The canine hookworm, Ancylostoma caninum, is the most prevalent and important intestinal nematode parasite of dogs in the United States. This parasite uses teeth to attach to the intestinal mucosa and submucosa to feed on host blood. Clinical signs of infection include hematochezia, melena, anemia, hypoalbuminemia and weight loss. In some cases, adult infected dogs may not have any obvious signs of disease, (subclinically infected). Puppies with small numbers of hookworms also may not have obvious signs of disease. Puppies with a heavy worm infection may be very ill, with anemia (due to blood loss), diarrhea and failure to thrive. Heavy worm burdens can cause death in both young and old animals. Typically, hookworm infection is well controlled by treatment with approved drugs, and regular anthelmintic treatment is advocated as a preventative health measure. However, in recent years, recurrent and persistent hookworm infections have been observed and appear to be increasing.

Several recent studies have confirmed multiple drug resistance (MDR) against all antihelmintic drugs approved for treatment in the U.S., both in livestock and dogs. Anthelmintic resistance is defined as a heritable genetic change that enables a greater population of parasites to survive treatment at a dose previously effective.

In recent years, recurrent and persistent hookworm infections have been observed and appear to be increasing.

Strongylid nematodes are especially adept at developing this genetic diversity. This has led to long standing resistance in livestock, but cases have begun to emerge on the canine population. Persistent cases of A. caninum infection can be caused by either larval leak (arrested larvae in somatic tissues continuously migrate to the small intestine, where they develop to the adult stage) or true drug resistance. It is important to distinguish between these situations to optimally manage each patient. Dogs with larval leak typically shed hookworm eggs in small numbers, with treatment only yielding a temporary interruption in egg shedding due to newly reactivated larvae repopulating the gut. In contrast, when worms are MDR, treatments fail to interrupt egg shedding. A quantitative fecal egg count (FEC) is the definitive means to assess for true resistance. If this fecal egg count reduction test (FECRT) is not available, at least performing both pretreatment and 14-day post-treatment fecal examinations are advised.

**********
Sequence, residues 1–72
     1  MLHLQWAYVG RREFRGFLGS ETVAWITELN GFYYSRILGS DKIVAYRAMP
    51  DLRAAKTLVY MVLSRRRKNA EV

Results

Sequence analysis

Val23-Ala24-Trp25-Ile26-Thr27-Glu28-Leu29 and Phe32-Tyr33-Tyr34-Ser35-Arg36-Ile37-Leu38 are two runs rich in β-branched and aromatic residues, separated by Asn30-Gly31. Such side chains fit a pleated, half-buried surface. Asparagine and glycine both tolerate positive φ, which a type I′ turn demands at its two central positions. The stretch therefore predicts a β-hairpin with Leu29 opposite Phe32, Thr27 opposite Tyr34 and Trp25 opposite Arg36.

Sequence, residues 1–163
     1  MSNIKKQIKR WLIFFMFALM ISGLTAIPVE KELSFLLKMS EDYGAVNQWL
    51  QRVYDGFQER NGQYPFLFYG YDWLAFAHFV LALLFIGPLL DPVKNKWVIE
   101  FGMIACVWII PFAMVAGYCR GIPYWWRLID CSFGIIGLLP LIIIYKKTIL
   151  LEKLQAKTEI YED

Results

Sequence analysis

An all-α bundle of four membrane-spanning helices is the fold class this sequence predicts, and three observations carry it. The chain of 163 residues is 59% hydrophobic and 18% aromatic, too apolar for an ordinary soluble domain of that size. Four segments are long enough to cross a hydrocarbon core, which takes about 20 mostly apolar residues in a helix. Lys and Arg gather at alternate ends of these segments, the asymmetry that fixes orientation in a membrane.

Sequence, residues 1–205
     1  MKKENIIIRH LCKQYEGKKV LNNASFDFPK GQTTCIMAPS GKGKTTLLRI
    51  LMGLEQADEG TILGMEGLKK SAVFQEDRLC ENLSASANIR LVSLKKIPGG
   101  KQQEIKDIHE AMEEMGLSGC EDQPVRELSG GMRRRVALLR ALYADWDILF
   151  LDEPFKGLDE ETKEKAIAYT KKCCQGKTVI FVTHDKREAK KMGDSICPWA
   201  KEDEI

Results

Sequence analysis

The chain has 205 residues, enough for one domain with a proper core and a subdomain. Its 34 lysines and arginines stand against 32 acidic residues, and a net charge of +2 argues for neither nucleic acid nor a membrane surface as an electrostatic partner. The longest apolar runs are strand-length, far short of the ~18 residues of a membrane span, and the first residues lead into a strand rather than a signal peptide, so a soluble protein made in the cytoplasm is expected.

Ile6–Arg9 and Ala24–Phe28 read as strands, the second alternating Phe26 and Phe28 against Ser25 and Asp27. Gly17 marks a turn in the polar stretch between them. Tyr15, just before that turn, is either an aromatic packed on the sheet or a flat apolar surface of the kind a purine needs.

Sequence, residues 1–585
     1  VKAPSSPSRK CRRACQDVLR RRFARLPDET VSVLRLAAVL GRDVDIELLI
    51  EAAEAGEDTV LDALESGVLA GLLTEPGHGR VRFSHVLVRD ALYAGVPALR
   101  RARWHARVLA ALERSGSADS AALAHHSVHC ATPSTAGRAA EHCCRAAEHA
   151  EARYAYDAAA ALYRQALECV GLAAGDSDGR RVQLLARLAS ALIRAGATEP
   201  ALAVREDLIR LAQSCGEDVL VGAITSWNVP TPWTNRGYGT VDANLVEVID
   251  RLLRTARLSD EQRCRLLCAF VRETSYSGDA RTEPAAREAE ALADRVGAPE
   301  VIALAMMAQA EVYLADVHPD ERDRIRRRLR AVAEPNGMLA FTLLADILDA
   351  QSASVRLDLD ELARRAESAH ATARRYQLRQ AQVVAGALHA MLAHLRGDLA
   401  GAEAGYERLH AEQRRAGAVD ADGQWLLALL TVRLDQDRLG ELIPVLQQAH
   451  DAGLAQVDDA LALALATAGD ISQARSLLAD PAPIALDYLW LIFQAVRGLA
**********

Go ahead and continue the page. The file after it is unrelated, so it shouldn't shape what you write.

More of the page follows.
Head of a parasitic hookworm Ancylosoma, 3D illustration. Ancylostoma duodenale can infect humans, dogs and cats, its head has several tooth-like structures

However, to add confusion is the ability of the hookworm to modulate their individual egg count proportionate to the intestinal population density. The original drug resistance in hookworms likely developed first through the misuse of anthelmintics in livestock. Evidence suggests the problem in dogs originated from racing greyhound breeding farms and kennels. The epidemiology of nematode transmission on greyhound farms is similar to that seen on livestock farms.

Ancylostoma caninum is the most common nematode parasite of greyhounds on breeding farms. These dogs are subject to very intense deworming protocols, presenting a very high degree of drug selection pressure on the hookworm population. In addition, the environment on these farms is ideal for larval development and transmission. It is likely most, if not all, actively racing and recently adopted greyhound dogs are infected with MDR hookworms. However, the preventative routine use of antiparasitic drugs cannot be excluded as a contribution to this dilemma in the general dog population.



Hookworms are commonly encountered in veterinary medicine. These parasites can penetrate skin and cause both cutaneous and visceral larva migrans in people

Multiple Anthelmintic Resistance is a documented and emerging problem in dogs in the United States and therefore, veterinarians should watch for persistent infections. The problem appears to have originated in greyhound racing kennels and has spread to the general canine population. The emergence of MDR hookworms is a serious threat to canine health and necessitates a change in how clinicians manage persistent hookworm cases. The need for routine and post treatment fecal examinations in dogs is essential to determine if hookworm resistance is developing in your patient population.

Beyond the concern for canine health, MDR in canine hookworms could present a serious threat to human health, since this parasite is zoonotic. Markers for genetic resistance have already been noted in some human populations of Ancylostoma.





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